The Kamakura index of troubled public companies improved in April for the 12th time in the last 13 months. The index declined from 9.69% in March to 9.46% in April. Kamakura’s index had reached a recent peak of 24.3% in March 2009.
Kamakura defines a troubled company as a company whose short-term default probability is in excess of 1%. Credit conditions are now better than credit conditions in 74% of the months since the index’s initiation in January 1990, and the index is 4.23 percentage points better than the index’s historical average of 13.69%. The all-time low in the index was 5.40%, recorded on 11 May 2006, while the all-time high in the index was 28.0%, recorded on 28 September 2001. The index is based on default probabilities for more than 29,200 companies in 32 countries.
In April, the percentage of the global corporate universe with default probabilities between 1% and 5% decreased by 0.08 percentage points to 6.50%. The percentage of companies with default probabilities between 5% and 10% was down 0.07 percentage points to 1.42%. The percentage of the universe with default probabilities between 10 and 20% was down 0.04 percentage points to 0.86% of the universe, while the percentage of companies with default probabilities over 20% was also down, decreasing 0.04 percentage points to 0.68% of the total universe in April.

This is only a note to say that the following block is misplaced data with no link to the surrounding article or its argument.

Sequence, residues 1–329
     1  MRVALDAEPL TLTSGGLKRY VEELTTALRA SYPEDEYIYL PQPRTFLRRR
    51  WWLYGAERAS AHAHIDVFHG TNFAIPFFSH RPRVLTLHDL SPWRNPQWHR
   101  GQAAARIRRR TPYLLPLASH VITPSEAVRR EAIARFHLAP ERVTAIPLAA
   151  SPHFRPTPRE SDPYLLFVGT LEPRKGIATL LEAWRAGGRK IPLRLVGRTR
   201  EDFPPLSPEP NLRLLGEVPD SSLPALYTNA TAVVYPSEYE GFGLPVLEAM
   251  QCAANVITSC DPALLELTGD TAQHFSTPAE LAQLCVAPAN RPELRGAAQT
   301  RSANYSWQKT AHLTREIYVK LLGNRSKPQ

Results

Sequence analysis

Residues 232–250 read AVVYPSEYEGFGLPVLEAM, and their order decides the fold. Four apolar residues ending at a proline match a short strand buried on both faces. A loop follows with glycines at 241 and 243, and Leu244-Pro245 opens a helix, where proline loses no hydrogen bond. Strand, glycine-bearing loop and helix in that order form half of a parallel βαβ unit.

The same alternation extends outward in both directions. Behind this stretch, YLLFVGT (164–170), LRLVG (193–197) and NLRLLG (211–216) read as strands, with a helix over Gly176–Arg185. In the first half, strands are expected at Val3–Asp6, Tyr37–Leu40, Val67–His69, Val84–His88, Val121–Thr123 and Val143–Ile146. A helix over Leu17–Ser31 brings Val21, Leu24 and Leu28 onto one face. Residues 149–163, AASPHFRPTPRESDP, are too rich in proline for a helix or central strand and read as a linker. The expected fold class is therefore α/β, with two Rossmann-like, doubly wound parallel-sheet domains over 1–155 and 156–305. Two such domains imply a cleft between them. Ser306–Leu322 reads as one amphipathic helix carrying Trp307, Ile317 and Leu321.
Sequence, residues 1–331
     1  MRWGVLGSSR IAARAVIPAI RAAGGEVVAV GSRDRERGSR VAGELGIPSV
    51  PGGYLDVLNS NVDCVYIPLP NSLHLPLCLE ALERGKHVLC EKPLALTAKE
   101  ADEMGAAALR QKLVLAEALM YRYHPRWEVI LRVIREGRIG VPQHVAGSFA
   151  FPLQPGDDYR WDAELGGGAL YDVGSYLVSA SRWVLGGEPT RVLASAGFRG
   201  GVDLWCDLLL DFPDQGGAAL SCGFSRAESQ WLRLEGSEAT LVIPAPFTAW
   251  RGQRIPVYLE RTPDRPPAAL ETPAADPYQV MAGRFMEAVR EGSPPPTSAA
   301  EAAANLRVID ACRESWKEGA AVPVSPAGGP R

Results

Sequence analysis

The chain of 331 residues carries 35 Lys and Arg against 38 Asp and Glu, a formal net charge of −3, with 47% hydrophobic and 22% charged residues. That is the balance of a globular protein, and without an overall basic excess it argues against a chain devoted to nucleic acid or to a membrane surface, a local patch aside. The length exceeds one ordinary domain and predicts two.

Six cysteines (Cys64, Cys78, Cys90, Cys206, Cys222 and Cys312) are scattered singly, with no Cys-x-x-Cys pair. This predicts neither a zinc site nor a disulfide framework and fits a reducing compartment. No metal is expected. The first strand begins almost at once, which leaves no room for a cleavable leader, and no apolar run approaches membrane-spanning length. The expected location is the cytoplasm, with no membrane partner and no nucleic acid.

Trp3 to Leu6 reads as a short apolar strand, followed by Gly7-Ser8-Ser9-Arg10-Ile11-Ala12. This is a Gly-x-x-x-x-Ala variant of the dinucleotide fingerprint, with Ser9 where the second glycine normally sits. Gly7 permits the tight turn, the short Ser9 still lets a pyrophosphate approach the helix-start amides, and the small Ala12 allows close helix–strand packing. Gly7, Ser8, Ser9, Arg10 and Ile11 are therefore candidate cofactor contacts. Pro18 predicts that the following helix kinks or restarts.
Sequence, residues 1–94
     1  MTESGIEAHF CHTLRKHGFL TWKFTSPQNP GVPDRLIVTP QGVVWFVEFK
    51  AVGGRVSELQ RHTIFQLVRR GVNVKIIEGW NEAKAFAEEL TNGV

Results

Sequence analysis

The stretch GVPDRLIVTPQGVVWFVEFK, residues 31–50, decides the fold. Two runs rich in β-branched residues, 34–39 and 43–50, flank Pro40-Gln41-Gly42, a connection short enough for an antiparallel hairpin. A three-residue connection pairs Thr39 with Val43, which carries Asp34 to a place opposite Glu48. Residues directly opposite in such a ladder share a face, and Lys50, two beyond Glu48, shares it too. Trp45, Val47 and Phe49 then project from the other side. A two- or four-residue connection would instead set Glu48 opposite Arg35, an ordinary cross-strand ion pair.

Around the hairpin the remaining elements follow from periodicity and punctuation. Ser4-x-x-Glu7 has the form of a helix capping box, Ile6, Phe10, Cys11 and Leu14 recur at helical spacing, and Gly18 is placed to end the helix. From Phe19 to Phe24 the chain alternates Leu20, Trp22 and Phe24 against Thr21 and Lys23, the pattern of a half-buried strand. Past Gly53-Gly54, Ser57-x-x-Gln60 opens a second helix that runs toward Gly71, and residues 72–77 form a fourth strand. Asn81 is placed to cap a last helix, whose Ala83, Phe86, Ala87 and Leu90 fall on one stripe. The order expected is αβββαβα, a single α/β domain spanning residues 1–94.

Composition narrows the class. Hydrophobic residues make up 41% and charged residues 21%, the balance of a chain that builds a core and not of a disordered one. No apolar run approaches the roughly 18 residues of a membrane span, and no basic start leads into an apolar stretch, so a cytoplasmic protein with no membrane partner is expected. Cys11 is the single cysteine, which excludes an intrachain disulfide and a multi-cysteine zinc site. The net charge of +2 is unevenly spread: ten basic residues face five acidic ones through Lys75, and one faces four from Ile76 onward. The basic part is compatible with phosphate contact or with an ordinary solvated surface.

Kamakura’s president Warren Sherman said: “The rated firms showing the largest increase in one month default risk in April included National Bank of Greece, Bank of Ireland, and SAS of Sweden. Over the entire KRIS portfolio of 29,200 firms, however, the trend in default probabilities was strongly down again this month.”
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